Makes me wonder how many enforcement officers will be deemed necessary in the new Council – how “expedient” are they?

Friday, 5 April 2019

Dorset Council launches

This week has seen the launch of Dorset Council - the new unitary authority replacing the old Dorset County, East Dorset, North Dorset, Purbeck, West Dorset and Weymouth Councils into one smooth and streamlined whole (we hope).

There will no doubt be teething troubles - their website has certainly been difficult to navigate with missing pages and content - but there has obviously been much going on behind the scenes in preparation.  The new planning application validation checklist is now online, plus a handy tick list by application type, which means that the local list of requirements (which for many had been out of date) now has some teeth - at least for the next two years. 

There is no notice of validation timescales - before the changeover this was running at 5 weeks for some of the councils.  Let's hope this doesn't have to get worse before it gets better!  Looking forward to see how the first planning committees operate at the end of May. 

I wonder what they would have made of the 'Headington Shark' - Bill Heine its protagonist RIP 3/4/19.  As the Planning Inspector put it back in 1992, when he considered Oxford City Council's pleas to refuse consent for its retention, "any system of control must make some small place for the dynamic, the unexpected, the downright quirky.  I therefore recommend that the Headington shark be allowed to remain"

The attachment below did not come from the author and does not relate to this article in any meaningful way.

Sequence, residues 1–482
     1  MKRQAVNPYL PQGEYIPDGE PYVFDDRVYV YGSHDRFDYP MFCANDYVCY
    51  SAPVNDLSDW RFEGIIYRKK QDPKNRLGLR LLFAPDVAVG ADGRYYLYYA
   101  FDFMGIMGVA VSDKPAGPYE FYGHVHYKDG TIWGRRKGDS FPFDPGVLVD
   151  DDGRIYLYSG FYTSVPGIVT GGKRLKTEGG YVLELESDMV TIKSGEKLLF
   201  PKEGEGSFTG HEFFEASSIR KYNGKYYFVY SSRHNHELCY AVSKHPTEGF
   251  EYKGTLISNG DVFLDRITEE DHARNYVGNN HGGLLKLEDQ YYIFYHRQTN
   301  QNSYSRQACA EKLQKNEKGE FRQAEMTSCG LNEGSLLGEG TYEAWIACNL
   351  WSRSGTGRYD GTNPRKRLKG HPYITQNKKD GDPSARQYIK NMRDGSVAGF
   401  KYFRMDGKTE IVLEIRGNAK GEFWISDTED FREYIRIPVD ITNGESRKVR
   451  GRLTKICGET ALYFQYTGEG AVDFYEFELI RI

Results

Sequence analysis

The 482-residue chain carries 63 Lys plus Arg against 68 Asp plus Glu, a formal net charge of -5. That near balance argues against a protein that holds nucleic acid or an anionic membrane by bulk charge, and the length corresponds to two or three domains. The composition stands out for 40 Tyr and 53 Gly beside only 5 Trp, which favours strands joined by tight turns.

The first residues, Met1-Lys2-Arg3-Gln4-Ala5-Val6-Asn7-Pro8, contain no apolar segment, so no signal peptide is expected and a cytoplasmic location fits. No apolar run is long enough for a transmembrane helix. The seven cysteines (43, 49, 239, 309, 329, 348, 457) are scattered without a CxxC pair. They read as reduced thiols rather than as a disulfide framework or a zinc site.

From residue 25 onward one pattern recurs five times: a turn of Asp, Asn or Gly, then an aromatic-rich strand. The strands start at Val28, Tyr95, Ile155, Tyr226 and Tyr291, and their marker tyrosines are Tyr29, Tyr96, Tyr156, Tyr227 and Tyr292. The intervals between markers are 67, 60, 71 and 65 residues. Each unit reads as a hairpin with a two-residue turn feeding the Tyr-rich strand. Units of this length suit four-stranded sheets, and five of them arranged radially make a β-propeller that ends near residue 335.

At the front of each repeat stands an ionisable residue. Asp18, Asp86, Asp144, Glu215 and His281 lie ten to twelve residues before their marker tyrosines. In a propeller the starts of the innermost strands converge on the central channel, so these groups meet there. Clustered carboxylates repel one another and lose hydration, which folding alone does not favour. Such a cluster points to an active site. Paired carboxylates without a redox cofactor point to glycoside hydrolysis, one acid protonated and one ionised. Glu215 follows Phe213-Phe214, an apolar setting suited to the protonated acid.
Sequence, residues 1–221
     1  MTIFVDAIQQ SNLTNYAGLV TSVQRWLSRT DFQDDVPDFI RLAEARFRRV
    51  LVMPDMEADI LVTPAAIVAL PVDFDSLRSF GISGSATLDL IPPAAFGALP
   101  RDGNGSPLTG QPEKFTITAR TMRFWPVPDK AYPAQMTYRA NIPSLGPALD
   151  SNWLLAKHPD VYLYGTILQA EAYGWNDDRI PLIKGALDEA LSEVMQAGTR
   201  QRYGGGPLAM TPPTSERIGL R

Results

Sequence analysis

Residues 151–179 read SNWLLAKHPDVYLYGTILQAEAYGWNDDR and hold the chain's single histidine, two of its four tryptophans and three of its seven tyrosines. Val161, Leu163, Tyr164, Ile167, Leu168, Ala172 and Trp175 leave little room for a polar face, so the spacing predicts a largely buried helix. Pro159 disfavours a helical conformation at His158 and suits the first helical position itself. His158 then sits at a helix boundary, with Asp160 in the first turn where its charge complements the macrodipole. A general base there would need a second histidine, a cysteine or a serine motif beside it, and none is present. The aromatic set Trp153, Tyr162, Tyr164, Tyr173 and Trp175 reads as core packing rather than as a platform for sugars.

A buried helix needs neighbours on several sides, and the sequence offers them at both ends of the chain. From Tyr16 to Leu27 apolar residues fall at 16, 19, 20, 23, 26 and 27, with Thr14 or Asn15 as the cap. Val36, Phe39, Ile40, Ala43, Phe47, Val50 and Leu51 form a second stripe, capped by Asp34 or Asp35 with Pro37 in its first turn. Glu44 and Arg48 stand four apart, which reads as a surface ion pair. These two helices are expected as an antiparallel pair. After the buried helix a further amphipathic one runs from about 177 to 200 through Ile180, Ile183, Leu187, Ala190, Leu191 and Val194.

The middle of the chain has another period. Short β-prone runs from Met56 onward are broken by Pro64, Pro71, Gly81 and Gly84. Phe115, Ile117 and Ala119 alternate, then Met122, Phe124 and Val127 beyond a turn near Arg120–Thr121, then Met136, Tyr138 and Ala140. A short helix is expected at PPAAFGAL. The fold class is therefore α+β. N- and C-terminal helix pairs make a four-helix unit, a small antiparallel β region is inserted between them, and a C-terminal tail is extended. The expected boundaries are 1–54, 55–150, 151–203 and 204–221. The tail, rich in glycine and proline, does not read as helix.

Friday, 22 March 2019

No resting on laurels

Couple of news items of interest in the planning journals this week...

It would seem that Friends of the Earth, who challenged the sustainability credentials of the NPPF in the High Court and failed (see my earlier blogs) are not going to lay down without a fight.  According to their Barrister, Nina Pindham, they have applied to leapfrog the appeal system to take their case straight to the Supreme Court.

Also a timely reminder for Neighbourhood Plan Groups, with Middlewich having the dubious honour of being the third plan to fail at referendum.   A modest turnout (just under 20%) and a very narrow margin. 
Reading between the lines, the main angst seems to have been about the level of development proposed in the adopted Local Plan and that the Neighbourhood Plan did not argue against it (not that they could), together with the lack of a bypass to cater with the proposed growth, which although mooted has no funding.  There were also political divisions over the plan, with one party campaigning against it.  Will the town have an appetite to have a second go?

Saturday, 9 March 2019

Sweet sixteen (and counting)

With Hazelbury Bryan and Sturminster Newton Neighbourhood Plans being made this week, I make that 16 plans in place across Dorset (including Poole and Bournemouth) - plenty more at Examination to add to this list later in the year.  Looking at the map there is an obvious lack of plans in East Dorset, perhaps this will change following the new Dorset Council and increased awareness of those local Members.

Friday, 8 March 2019

The NPPF is off the SEA hook

Interesting to read the judgment of Mr Justice Dove on Friends of the Earth Limited vs SoS for Housing, Communities and Local Government that was released this week - [2019] EWHC 518 (Admin)

The upshot is that the Government have been let off the legal hook for any need to undertake a Strategic Environmental Assessment (SEA) for its national planning policy framework (NPPF) – and I can hear the collective sigh of relief from Whitehall.